Harwich Maritime Museum
Harwich Maritime Museum
An historic brick lighthouse of 1818 hosts a wealth of maritime exhibits covering the naval history of Harwich and the Essex coast.
History
The Low Lighthouse was built in 1818 as one of a pair of lighthouses to guide ships through the Harwich harbour entrance. It replaced an earlier lighthouse that was painted by John Constable. The lighthouse was designed by John Rennie, and built in brick to replace the earlier lighthouse of timber.

The lighthouse was owned by General Rebow, who made a fortune by charging a duty of 1d per ton on all cargo entering Harwich harbour. In 1836 Trinity House purchased the pair of Harwich lights from the General for the staggering sum of £31,730. The changing course of the Harwich cannel made the lighthouses redundant in 1863 and a new set of cast-iron lighthouses had to be built at Dovercourt. In 1980 the Harwich Society charity took over the lighthouse and opened it as a museum.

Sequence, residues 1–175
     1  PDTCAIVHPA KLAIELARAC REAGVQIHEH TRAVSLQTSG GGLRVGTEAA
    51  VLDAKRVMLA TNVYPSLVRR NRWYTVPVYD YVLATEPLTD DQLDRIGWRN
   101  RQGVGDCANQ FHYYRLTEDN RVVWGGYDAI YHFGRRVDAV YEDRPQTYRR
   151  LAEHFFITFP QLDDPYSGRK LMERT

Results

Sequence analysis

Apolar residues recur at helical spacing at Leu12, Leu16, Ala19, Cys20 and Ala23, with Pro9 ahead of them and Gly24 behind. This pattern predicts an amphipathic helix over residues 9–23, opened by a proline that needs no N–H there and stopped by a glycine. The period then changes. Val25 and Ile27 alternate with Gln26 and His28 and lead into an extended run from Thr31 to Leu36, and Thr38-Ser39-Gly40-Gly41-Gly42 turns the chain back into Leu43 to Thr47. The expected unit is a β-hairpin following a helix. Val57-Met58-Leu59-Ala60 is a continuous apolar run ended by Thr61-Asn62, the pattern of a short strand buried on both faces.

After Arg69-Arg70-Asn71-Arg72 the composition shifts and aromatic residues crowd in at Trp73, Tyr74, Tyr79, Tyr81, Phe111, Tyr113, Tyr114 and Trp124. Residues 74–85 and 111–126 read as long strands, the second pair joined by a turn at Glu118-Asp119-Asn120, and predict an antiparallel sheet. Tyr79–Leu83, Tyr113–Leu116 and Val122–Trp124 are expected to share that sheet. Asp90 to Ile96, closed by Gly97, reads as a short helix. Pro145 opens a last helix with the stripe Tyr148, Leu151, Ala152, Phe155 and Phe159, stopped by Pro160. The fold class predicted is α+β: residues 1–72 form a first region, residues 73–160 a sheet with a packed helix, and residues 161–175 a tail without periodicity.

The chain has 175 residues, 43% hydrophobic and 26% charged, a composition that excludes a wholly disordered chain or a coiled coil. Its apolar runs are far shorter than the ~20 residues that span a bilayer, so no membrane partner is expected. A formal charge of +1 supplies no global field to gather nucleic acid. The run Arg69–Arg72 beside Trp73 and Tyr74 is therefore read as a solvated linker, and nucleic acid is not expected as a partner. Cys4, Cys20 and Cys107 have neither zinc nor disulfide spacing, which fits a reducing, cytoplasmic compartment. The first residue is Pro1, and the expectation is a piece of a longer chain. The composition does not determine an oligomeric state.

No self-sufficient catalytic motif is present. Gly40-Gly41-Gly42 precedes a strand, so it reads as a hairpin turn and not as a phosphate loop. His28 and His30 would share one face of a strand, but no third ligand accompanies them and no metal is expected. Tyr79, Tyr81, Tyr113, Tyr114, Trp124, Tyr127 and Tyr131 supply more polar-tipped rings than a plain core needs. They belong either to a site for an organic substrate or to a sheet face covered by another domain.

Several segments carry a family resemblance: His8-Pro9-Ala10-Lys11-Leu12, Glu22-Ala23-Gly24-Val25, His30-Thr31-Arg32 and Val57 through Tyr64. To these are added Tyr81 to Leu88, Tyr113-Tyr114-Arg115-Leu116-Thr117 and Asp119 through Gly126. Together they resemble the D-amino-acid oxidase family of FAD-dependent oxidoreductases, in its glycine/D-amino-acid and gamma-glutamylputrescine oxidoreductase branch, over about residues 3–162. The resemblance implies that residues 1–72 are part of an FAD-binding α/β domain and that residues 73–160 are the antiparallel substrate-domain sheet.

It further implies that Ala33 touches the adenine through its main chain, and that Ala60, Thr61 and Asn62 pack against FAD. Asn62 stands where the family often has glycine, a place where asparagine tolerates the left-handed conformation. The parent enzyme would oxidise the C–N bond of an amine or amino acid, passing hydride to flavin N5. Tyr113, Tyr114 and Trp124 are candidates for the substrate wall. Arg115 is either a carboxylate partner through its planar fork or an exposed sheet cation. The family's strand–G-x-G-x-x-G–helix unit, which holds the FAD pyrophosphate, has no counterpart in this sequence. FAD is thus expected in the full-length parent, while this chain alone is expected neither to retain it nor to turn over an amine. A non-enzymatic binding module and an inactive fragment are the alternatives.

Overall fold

What to See
Displays include nautical memorabilia including an exhibit on the Royal Navy, with naval uniforms and badges, and an account of commercial shipping along the Essex coast. See old photographs and paintings, ships in bottles, models, and a display of lighthouse bulbs used to guide ships using the harbour.

Getting There
One street parking is available near the museum, which is only a 5 minute walk from the rail station. Also easily accessed via the foot ferry from Felixstowe. The museum is volunteer run and has limited summer hours. There is a small admission charge.